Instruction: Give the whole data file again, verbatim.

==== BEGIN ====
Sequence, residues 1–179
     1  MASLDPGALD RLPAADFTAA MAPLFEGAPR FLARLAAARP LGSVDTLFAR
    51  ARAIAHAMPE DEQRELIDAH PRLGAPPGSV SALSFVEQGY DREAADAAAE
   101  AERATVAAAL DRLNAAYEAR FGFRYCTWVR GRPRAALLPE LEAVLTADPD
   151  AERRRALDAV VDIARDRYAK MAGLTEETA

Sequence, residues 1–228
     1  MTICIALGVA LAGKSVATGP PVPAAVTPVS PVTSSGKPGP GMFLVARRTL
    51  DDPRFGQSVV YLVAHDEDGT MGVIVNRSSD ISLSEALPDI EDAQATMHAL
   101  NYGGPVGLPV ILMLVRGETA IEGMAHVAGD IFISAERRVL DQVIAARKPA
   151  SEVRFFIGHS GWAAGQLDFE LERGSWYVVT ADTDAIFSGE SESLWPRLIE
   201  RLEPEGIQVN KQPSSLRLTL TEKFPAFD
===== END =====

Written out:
Sequence, residues 1–179
     1  MASLDPGALD RLPAADFTAA MAPLFEGAPR FLARLAAARP LGSVDTLFAR
    51  ARAIAHAMPE DEQRELIDAH PRLGAPPGSV SALSFVEQGY DREAADAAAE
   101  AERATVAAAL DRLNAAYEAR FGFRYCTWVR GRPRAALLPE LEAVLTADPD
   151  AERRRALDAV VDIARDRYAK MAGLTEETA

Sequence, residues 1–228
     1  MTICIALGVA LAGKSVATGP PVPAAVTPVS PVTSSGKPGP GMFLVARRTL
    51  DDPRFGQSVV YLVAHDEDGT MGVIVNRSSD ISLSEALPDI EDAQATMHAL
   101  NYGGPVGLPV ILMLVRGETA IEGMAHVAGD IFISAERRVL DQVIAARKPA
   151  SEVRFFIGHS GWAAGQLDFE LERGSWYVVT ADTDAIFSGE SESLWPRLIE
   201  RLEPEGIQVN KQPSSLRLTL TEKFPAFD